For the month of January, GIA's photo banner features work and projects supported by The McKnight Foundation. McKnight, a Minnesota-based family foundation, seeks to improve the quality of life for present and future generations. In 2013, the Foundation gave approximately $86 million in grants, focusing its assistance primarily in the state of Minnesota. Learn more about the foundation here.

Posted on January 26, 2015 by Steve

From Diep Tran, writing for American Theatre:

Sometimes all you need is a push. At least that’s the thinking behind the 51% Preparedness Plan that was released last week. East West Players artistic director Tim Dang wrote the plan, which calls on Southern California theatres to diversify their staff and programming.

“We’re in Southern California, we prepare for earthquakes. Are we preparing for the demographic shift that is going to happen in 2042?” posits Dang. “We should prepare now, for theatre.”

But why 2042? That’s the date, in projections by the Census Bureau, that the minority population in the United States will reach 54 percent, outnumbering non-Hispanic whites. So what does that mean for theatre?

Read the full article.

Posted on January 26, 2015 by Steve

From Francis Hilario at The Philadelphia Business Journal:

Opera Philadelphia is in the midst of rehearsing for the East Coast premiere of “Oscar,” a new American opera based on Oscar Wilde that’s set to debut in February. But the company is also in the midst of a changing business model. The upcoming “Oscar” is the first of two productions co-commissioned by Sante Fe Opera and Opera Philadelphia as part of the latter’s American Repertoire Program. The program has the lofty goal of producing one new American opera for the next 10 seasons. The second commission, an opera based on Charles Frazier’s “Cold Mountain,” will premiere next year. Along with providing audiences with fresh material, the opera’s new American program has also allowed it to go from being a local company to one that’s global.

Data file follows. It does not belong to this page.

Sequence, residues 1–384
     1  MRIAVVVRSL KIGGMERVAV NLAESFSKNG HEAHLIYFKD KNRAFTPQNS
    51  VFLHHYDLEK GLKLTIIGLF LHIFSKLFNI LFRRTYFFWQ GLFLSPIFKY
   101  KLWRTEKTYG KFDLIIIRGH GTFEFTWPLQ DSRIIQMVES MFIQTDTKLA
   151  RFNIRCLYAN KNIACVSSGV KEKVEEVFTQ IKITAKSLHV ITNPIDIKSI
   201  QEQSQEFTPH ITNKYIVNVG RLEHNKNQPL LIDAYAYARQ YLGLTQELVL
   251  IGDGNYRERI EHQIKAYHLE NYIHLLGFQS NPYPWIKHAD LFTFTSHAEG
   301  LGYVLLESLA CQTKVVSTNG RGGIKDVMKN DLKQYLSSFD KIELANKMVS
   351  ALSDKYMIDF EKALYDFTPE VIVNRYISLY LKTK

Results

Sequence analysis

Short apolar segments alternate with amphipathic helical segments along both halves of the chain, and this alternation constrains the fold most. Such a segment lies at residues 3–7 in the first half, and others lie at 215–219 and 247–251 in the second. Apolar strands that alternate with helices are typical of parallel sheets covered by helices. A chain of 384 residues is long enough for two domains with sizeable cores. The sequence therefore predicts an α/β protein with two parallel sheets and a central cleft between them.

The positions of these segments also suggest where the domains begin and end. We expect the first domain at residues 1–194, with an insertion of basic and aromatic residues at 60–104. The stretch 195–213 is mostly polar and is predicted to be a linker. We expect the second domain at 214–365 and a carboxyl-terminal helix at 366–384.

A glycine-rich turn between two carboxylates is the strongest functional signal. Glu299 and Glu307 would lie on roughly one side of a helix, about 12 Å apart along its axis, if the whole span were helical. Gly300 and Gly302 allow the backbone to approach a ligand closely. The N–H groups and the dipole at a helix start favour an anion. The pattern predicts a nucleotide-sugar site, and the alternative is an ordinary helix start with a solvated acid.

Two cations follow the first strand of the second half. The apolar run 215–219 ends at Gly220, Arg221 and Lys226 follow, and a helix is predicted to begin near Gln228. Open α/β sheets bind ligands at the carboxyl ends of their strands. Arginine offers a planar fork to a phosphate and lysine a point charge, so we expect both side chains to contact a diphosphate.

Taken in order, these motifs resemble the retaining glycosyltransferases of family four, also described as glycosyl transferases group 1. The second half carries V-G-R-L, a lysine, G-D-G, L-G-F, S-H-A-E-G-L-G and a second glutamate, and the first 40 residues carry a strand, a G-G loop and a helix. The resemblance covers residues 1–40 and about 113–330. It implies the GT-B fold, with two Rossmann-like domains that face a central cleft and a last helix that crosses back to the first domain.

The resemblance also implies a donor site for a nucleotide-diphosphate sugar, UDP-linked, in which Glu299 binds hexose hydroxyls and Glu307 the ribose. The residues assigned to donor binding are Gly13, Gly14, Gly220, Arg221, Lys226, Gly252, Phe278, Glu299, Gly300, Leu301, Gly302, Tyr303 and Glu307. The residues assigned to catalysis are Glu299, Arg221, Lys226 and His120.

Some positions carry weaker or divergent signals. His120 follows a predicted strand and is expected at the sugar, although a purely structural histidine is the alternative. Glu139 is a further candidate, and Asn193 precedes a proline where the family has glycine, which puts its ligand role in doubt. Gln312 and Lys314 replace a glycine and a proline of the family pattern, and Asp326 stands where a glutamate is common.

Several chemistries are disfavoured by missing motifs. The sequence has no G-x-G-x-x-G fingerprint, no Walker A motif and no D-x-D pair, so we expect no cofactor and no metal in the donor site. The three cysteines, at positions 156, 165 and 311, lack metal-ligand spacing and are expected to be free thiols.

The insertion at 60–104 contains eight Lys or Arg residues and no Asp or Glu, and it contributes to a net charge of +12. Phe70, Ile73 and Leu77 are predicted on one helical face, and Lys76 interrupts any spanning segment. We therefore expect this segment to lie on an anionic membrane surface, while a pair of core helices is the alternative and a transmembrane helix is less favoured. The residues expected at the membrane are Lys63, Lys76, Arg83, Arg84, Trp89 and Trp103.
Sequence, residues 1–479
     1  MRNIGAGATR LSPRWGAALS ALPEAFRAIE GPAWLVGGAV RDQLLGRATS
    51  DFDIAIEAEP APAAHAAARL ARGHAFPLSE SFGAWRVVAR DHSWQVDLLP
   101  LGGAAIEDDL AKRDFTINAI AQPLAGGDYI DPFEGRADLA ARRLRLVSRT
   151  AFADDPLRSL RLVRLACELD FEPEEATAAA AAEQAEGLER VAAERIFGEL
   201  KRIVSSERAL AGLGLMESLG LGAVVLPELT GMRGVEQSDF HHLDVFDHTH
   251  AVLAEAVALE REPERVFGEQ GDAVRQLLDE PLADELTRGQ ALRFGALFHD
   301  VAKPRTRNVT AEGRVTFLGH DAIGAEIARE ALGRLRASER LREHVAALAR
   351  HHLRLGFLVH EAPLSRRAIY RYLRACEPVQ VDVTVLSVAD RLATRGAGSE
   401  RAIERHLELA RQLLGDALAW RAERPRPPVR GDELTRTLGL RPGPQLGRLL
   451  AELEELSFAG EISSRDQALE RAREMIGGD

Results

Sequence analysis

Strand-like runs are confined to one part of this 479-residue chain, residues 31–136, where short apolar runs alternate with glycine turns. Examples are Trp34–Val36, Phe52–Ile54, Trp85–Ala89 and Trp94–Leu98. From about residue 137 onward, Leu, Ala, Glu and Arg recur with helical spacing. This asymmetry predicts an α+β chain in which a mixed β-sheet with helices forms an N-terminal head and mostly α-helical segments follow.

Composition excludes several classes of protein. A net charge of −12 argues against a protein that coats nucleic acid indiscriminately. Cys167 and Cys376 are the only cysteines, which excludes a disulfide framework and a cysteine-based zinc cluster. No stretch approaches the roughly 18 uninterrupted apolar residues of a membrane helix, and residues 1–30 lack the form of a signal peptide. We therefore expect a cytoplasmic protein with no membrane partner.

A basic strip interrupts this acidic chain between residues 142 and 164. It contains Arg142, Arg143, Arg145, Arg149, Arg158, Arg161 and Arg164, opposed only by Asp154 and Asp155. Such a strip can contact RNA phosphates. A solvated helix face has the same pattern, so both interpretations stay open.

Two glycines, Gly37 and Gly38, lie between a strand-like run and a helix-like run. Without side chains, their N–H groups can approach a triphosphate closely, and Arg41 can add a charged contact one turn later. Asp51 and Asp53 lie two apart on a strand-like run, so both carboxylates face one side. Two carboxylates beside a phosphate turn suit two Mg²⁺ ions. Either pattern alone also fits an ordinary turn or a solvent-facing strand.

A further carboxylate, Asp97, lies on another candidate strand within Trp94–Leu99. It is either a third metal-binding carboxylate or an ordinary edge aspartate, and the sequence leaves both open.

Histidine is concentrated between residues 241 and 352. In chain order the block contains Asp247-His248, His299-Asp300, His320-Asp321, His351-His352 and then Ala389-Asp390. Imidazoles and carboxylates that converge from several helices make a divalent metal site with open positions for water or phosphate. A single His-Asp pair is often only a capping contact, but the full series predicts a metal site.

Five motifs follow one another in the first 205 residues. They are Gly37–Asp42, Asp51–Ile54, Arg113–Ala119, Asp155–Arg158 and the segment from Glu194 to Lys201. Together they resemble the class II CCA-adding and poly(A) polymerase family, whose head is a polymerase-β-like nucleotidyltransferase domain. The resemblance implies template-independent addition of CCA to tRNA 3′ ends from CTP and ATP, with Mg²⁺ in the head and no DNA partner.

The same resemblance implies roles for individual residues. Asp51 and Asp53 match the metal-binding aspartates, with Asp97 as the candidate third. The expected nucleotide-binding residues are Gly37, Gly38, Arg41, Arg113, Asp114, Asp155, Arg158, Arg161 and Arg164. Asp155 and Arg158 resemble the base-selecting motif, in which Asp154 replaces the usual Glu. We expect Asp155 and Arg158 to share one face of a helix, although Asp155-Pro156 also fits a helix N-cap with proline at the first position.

Posted on January 26, 2015 by Steve

From Eileen Cunniffe, writing for Nonprofit Quarterly:

This weekend, the San Diego Opera will open its 50th anniversary season — a season that came perilously close to being cancelled when the company’s board voted last March to cease operations at the end of the 2014 season. Nearly ten months after the company and its board began a highly public meltdown, followed by a hard-won battle to re-engage the community and restructure the organization, San Diego Opera was featured at the 11th annual Nonprofit Governance Symposium at the University of San Diego on January 10. In a panel discussion titled “Saving the Opera: Lessons Learned from a Board Perspective,” current board president Carol Lazier, board members Linda Spuck and Joe Watkins, and new CEO Keith Fisher shared insights from the wild roller coaster ride they’ve experienced since last spring.
Posted on January 21, 2015 by SuJ'n

Last week the US Department of Housing and Urban Development PD&R Edge magazine published “Catalizing Culture and Community through CDFIs.” In this article, Judilee Reed, director of The Surdna Foundation's Thriving Cultures Program, discusses the importance of community development finance institutions in the creative placemaking movement.

Reed writes:

The cross-sector nature of this work suggests the existing infrastructure in the community development field, like community development finance institutions (CDFIs), could play an important role in helping artists, arts and culture organizations, and non-arts organizations build their capacity to sustain creative production long after dedicated funding for specific projects has passed. For many CDFIs, the role they play in providing both financing and technical assistance to support neighborhood-based projects and the growth of small business in low income communities implies they may also have the potential to pivot their services to engage artists and projects that support the development of arts and culture.